A month ago I was riding the metro in Washington, D.C., when I locked eyes with a cuddling teenage couple sitting across from me. I smiled at them and turned on my iPod.
A few minutes later, my music-induced trance was broken when I sensed that they were talking about me. Through the strains of Nina Simone’s “Lilac Wine,” I heard this high school girl with cocoa-colored skin and chemically straightened hair tell her partner that she wanted dreadlocks like mine.
In response, her boyfriend shot her a sharp look, rolled his eyes and snapped, “Really? Dreads are horrible, dirty, and ugly—especially on girls. You’ve got ‘good hair.’ If you want to stay with me, stay pretty and keep your hair straight.”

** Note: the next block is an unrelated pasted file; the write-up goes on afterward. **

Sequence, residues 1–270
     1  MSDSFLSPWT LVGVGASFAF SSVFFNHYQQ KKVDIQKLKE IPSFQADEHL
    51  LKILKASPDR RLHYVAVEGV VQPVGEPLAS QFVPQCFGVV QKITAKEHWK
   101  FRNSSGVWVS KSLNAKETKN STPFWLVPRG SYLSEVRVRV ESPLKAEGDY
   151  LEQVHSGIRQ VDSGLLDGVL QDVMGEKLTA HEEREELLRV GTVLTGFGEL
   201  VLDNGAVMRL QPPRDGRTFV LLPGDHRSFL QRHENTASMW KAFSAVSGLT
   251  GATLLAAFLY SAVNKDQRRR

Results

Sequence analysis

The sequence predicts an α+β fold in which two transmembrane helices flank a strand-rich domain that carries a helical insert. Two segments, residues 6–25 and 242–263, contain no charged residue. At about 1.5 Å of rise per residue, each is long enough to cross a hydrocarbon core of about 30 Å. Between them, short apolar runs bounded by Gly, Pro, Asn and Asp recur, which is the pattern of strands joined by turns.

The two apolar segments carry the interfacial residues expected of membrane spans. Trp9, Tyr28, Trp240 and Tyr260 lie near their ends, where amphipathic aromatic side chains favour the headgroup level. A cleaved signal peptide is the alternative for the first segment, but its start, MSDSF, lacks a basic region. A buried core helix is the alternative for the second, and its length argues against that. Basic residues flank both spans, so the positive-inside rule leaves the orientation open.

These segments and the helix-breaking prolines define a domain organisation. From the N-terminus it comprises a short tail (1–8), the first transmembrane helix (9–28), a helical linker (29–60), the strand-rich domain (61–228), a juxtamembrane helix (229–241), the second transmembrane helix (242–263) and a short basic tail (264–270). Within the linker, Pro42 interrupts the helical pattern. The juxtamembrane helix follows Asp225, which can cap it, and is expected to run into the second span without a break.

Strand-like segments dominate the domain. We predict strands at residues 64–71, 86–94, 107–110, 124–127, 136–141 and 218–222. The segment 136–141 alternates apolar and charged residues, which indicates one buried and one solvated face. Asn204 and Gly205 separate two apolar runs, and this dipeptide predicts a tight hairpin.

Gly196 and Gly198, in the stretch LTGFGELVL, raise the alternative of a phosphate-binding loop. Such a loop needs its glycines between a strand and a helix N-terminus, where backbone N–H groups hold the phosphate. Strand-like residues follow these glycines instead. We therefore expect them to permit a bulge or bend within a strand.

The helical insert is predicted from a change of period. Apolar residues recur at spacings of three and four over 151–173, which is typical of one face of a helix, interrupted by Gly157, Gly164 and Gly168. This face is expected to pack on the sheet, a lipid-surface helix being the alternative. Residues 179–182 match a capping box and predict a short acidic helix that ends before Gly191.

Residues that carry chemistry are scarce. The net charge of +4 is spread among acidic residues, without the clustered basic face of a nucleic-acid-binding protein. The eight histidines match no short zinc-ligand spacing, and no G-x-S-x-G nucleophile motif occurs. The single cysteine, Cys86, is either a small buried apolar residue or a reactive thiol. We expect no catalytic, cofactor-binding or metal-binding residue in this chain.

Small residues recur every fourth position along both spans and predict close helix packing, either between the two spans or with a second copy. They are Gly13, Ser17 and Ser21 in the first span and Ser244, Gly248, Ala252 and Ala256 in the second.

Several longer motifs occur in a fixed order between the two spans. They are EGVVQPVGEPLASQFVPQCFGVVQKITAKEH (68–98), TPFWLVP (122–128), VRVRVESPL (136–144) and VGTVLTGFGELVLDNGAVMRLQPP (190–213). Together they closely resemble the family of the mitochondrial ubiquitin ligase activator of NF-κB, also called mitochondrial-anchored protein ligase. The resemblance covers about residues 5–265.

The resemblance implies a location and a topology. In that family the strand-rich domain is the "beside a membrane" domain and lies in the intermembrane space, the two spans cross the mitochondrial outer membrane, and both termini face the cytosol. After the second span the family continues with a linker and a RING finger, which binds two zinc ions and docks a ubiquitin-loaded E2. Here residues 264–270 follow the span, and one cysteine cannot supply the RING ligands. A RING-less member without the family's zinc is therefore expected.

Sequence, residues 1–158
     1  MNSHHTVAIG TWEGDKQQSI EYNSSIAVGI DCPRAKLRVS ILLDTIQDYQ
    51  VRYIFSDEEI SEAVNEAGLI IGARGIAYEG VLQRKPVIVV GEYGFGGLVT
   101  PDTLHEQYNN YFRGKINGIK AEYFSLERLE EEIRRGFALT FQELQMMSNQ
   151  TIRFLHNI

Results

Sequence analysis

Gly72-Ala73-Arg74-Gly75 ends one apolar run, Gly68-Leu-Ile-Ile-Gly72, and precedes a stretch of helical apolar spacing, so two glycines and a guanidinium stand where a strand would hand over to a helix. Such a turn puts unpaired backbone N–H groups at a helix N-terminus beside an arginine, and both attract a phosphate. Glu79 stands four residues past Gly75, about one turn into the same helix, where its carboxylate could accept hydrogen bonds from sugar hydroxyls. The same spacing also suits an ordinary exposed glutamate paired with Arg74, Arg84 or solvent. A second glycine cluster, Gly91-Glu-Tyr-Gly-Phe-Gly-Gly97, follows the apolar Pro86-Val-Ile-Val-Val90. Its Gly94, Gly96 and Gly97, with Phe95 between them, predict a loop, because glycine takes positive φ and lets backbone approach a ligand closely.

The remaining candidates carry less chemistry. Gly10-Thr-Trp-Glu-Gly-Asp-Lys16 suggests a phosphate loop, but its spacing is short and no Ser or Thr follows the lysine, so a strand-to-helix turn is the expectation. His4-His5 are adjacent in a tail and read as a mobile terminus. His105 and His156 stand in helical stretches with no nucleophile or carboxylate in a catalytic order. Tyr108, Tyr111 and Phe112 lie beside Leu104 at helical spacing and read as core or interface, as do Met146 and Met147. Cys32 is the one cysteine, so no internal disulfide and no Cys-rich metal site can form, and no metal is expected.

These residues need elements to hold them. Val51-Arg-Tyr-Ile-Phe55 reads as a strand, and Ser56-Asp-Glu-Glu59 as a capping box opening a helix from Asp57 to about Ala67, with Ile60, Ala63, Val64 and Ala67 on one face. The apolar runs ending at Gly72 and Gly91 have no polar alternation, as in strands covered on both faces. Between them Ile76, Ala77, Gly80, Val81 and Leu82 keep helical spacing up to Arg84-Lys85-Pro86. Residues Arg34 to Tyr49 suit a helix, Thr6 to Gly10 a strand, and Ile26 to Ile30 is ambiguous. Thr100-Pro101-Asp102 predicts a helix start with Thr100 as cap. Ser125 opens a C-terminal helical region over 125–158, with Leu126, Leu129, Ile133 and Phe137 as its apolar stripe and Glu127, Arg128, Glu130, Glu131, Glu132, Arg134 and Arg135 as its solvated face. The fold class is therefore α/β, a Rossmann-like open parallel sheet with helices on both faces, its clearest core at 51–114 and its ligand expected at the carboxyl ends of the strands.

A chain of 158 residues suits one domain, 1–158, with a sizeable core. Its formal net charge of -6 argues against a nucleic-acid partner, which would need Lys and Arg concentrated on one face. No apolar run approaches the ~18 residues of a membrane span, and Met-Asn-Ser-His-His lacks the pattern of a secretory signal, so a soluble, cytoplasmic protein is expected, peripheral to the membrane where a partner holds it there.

Giggling anxiously, the girl glanced at my iPod to confirm that I wasn’t listening to their conversation before reassuring him, “I was just kidding. I’ll keep my hair nice.”
I turned up the volume and took some deep breaths to calm my anger. Did they realize how hateful they sounded? As they walked off the train hand in hand, I fought the strong urge to scream, “Don’t date him, girl!”
I wish I could say this the first time I’ve overheard that kind of conversation, but it’s not. I’ve been hearing variations on it my whole life. As a southern-born African-American girl who attended predominantly white boarding schools, I am well acquainted with the sexism, racism, and colorism that shape people’s attitudes toward black hair. Strangers, friends, family, and ex-loves have tried to make me feel bad about my hair throughout my life. For a long time, it worked. But then one day I decided that I was done attaching my self-esteem to what other people think I should look like.